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NATIONAL Convicted killer, school groups, Gloria Casarez, 'Gay Days'
by Andrew Davis
2022-09-04

This article shared 1587 times since Sun Sep 4, 2022
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A Philadelphia jury convicted Abdullah El-Amin of third-degree murder for taking the life of trans woman Mia Green, per The Philadelphia Gay News. He faces a lengthy prison term when sentenced in November. Green, 27, was shot to death by El-Amin on the morning of Sept. 28, 2020, after a sexual encounter in West Philadelphia. During a weeklong trial, El-Amin's attorney, Shaka M. Johnson, didn't invoke a trans-panic defense; however, Johnson called Green a "twenty-five-dollar working girl," for example.

A federal-appeals court ruled that a Christian group that discriminates against LGBTQ+ people must be reinstated as an official student organization at a high school in San Jose, California, while a lawsuit against it proceeds, The Advocate noted. The San Jose Unified School District had withdrawn recognition of the Fellowship of Christian Athletes after a controversy over the club at Pioneer High School, the Los Angeles Times reported. The group and its parent organization then sued, claiming this amounted to discrimination on the basis of religion.

Yeshiva University (YU) filed an emergency application with U.S. Supreme Court Justice Sonia Sotomayor, asking her to stay New York Supreme Court Justice Lynn R. Kotler's June 24 injunction that requires YU to formally recognize YU Pride Alliance "immediately" to comply with New York City's Human Rights Law, Gay City News reported. (A reply had been requested by Sept. 2.) YU's law and medical schools both formally recognize LGBTQ+ student groups, but the university has refused repeated requests since 2009 to recognize such an organization for undergraduate students.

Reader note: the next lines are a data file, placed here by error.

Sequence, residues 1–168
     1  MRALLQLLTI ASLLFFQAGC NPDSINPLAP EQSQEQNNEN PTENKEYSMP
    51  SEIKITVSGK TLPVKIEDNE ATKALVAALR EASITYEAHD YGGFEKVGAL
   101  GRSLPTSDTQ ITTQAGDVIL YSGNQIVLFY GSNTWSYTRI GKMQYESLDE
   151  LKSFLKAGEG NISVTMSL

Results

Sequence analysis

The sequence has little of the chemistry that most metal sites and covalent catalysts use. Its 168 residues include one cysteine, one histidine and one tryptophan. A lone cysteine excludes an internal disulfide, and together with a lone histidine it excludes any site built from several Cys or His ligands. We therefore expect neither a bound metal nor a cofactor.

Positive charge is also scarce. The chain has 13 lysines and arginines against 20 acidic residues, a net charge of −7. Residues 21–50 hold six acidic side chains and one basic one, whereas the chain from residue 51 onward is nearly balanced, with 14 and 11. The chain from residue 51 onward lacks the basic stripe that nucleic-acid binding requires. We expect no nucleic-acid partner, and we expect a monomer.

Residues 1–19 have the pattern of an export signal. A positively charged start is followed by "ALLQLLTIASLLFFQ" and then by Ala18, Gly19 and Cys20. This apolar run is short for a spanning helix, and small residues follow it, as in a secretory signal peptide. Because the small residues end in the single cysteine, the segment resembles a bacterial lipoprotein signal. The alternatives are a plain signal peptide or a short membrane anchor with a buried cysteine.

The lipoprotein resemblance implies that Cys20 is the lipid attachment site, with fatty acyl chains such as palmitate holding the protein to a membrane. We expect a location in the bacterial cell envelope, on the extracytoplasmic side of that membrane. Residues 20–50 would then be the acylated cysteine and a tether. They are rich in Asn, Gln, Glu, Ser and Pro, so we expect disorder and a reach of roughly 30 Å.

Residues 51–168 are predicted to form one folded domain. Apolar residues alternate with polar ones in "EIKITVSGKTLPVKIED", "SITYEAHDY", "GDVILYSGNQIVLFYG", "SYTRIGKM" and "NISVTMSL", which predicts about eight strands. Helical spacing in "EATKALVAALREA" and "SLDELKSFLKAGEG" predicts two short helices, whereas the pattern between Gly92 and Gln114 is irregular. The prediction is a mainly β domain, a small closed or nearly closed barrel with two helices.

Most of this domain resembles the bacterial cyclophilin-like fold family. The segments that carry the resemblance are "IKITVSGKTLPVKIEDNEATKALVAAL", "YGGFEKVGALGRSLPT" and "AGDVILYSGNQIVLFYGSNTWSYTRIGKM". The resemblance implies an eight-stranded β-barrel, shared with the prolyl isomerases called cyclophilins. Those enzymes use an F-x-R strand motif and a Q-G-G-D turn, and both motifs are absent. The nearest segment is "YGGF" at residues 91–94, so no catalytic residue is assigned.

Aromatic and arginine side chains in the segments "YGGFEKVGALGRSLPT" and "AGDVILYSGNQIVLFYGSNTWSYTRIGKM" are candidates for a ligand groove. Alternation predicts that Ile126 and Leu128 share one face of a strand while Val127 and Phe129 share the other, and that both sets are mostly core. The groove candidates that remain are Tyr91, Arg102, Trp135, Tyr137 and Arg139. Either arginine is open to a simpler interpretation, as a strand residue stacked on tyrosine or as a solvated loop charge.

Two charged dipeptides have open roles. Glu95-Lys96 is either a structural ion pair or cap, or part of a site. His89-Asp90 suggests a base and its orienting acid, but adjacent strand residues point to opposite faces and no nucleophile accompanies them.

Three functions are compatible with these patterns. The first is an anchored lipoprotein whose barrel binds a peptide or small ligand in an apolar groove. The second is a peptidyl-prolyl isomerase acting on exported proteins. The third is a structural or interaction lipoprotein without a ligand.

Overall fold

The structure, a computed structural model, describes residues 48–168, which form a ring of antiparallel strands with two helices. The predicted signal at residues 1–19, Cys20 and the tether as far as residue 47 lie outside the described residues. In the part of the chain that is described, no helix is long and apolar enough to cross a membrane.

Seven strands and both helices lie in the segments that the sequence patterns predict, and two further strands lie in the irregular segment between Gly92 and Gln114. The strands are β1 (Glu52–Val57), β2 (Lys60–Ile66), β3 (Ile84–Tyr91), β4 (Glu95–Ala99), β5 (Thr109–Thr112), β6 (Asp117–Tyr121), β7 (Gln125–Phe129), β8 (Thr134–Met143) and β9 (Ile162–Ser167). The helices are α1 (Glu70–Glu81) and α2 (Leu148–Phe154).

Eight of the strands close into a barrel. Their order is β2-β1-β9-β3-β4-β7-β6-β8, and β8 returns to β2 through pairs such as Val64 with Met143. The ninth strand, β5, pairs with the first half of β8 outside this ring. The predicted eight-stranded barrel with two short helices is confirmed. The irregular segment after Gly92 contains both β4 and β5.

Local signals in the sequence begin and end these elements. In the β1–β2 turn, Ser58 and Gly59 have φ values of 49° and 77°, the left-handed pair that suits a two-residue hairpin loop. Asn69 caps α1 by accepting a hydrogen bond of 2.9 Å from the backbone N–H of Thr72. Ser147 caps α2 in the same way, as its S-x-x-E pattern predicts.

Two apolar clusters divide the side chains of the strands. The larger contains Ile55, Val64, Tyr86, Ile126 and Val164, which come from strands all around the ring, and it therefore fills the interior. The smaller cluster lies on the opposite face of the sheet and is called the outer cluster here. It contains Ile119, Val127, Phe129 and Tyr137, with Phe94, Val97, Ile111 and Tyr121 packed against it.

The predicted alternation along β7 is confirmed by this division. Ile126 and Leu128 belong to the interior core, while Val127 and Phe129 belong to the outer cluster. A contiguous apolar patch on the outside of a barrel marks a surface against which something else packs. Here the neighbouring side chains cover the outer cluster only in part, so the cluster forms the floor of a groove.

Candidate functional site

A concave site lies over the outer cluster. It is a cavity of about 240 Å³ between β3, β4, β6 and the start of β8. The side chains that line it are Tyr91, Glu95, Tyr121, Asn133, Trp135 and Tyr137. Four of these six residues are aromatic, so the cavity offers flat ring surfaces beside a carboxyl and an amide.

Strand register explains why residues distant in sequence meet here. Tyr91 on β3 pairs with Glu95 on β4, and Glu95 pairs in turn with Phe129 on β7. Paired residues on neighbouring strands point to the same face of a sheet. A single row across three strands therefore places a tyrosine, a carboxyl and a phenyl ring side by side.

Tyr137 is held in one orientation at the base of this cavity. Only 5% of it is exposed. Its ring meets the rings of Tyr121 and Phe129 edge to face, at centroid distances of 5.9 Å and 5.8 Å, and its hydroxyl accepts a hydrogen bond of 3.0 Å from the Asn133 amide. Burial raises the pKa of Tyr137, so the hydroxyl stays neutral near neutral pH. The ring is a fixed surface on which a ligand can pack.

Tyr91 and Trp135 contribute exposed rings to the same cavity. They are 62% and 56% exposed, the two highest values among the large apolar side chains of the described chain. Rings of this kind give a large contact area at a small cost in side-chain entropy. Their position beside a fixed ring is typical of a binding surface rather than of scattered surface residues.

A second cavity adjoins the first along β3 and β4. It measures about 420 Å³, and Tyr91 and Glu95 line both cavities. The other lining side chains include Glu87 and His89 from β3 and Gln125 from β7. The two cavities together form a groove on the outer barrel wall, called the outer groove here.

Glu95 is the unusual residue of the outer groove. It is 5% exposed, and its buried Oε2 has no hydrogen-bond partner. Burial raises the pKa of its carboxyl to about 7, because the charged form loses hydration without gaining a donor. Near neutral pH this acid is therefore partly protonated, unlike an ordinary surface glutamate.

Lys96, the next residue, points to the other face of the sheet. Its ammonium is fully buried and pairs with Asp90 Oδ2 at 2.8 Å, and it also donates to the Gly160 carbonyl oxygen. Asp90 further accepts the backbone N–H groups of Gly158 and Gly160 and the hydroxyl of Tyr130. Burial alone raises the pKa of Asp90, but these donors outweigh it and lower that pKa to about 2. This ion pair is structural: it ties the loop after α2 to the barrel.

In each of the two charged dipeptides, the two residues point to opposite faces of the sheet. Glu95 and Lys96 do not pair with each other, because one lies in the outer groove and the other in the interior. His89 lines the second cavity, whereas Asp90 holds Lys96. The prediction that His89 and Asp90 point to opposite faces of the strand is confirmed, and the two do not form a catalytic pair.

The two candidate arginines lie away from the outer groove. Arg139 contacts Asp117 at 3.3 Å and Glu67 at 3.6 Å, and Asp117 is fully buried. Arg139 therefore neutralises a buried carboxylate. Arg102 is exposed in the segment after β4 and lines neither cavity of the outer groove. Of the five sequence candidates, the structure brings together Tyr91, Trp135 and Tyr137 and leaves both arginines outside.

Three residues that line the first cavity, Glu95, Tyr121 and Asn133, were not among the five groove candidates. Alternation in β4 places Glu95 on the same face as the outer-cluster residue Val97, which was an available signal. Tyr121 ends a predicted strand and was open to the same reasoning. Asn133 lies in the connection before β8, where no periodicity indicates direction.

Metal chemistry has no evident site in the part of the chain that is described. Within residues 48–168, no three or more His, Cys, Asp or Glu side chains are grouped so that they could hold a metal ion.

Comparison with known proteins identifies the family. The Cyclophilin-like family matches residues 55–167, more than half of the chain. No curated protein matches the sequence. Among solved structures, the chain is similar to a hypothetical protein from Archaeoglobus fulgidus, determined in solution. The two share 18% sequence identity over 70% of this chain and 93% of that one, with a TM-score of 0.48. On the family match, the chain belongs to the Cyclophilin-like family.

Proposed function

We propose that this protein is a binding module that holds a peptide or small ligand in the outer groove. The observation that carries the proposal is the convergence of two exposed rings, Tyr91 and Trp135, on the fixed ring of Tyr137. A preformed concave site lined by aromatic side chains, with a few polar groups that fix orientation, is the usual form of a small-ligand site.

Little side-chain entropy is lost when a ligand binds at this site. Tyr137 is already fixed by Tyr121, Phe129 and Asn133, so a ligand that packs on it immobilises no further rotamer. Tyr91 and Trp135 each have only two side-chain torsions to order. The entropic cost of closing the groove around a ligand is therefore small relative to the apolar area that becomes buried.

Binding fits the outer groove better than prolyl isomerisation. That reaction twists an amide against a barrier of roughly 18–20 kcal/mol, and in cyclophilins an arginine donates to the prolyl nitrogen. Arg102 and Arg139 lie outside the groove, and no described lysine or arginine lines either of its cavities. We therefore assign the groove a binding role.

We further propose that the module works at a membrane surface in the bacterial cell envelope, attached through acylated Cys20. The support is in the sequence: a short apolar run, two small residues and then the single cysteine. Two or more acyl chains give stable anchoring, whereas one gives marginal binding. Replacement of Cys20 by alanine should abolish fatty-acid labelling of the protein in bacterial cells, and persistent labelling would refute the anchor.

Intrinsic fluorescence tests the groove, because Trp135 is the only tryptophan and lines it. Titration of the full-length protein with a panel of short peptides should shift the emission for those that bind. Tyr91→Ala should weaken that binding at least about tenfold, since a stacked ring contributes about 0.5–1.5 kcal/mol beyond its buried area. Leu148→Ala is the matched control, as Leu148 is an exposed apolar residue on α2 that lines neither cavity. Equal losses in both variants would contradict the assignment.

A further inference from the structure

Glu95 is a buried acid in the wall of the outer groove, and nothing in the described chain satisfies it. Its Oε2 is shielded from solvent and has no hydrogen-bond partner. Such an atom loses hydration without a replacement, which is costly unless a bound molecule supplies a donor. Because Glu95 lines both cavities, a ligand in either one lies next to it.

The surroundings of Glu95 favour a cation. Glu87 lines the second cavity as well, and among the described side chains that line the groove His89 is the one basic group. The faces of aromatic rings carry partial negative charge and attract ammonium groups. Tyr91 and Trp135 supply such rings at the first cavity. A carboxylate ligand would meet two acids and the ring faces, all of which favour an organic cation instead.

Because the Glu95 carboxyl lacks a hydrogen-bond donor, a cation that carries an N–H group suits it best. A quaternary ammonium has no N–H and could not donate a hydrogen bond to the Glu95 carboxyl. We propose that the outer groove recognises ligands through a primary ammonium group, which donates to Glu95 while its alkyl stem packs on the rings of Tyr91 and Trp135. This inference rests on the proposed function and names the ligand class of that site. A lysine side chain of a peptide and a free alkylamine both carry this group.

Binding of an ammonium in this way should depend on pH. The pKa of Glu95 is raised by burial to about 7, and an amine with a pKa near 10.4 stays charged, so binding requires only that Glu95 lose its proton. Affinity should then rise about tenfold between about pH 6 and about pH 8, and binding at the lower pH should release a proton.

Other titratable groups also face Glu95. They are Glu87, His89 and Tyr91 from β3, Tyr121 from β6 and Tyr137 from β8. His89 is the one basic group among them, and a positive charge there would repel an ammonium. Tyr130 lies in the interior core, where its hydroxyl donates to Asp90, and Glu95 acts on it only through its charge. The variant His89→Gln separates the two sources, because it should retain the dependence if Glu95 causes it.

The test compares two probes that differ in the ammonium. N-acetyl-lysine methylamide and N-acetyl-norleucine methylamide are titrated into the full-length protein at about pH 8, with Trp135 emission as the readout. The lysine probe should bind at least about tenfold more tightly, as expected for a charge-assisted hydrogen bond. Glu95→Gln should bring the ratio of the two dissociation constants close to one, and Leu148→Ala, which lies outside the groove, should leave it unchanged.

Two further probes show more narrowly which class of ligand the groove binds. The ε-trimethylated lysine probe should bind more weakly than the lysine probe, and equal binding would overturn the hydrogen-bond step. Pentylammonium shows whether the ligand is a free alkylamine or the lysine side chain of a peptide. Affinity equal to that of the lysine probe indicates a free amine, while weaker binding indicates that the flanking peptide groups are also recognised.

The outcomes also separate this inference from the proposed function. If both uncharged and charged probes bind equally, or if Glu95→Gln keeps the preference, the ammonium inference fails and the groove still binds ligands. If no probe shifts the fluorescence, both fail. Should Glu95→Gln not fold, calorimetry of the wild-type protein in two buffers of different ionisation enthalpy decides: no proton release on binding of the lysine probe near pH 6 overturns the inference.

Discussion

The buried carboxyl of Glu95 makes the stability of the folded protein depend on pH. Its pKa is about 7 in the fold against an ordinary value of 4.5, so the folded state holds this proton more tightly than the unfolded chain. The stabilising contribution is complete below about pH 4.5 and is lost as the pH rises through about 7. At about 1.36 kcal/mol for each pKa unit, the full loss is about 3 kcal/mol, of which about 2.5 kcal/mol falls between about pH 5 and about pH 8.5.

In New Jersey, three years after a city Board of Education member's criticism of an LGBTQ+ curriculum sparked calls for her resignation, a gay-straight alliance club that formed in the wake of the controversy is thriving at Hackensack Middle School, NorthJersey.com noted. The club, for LGBTQ youth and their allies, is now among the school's largest, with more than 100 members. This school year, a $10,000 grant from the It Gets Better Project—one of 50 the nonprofit awards to a school in each state—will support the club's work to encourage inclusivity. And in June, the club will host a Pride celebration that will include a visit from Jason Collins, the first openly gay NBA player.

In an effort to distance itself from a racist historical figure, Philip H. Sheridan Elementary School in Kensington opened this school year with its new name: Gloria Casarez Elementary, per The Pennsylvania Capital-Star. Although an official naming ceremony for Gloria Casarez Elementary School will take place in spring 2023, school officials hosted a flag-raising ceremony on Aug. 29 to honor the school's new name. Casarez started the tradition of raising the Pride flag when she headed the Office of LGBT Affairs. Casarez, who died in 2014, left indelible imprints on the LGBTQ+ and Black and Brown communities in Philadelphia.

The 2022 Gay Days at Disneyland are set to take place Friday-Sunday, Sept. 16-18, according to a press release. The event is expected to attract thousands of LGBTQ+ people from California and all over the country. Both days in the parks will feature gatherings only available over Gay Days weekend, including a scavenger hunt, a group photo, a lesbian ice cream social, group meet-ups at varying attractions, and many more events targeted to families, teens, bears, couples and Mouseketeers of every ilk. A complete schedule is available at the Gay Days website www.GayDaysAnaheim.com .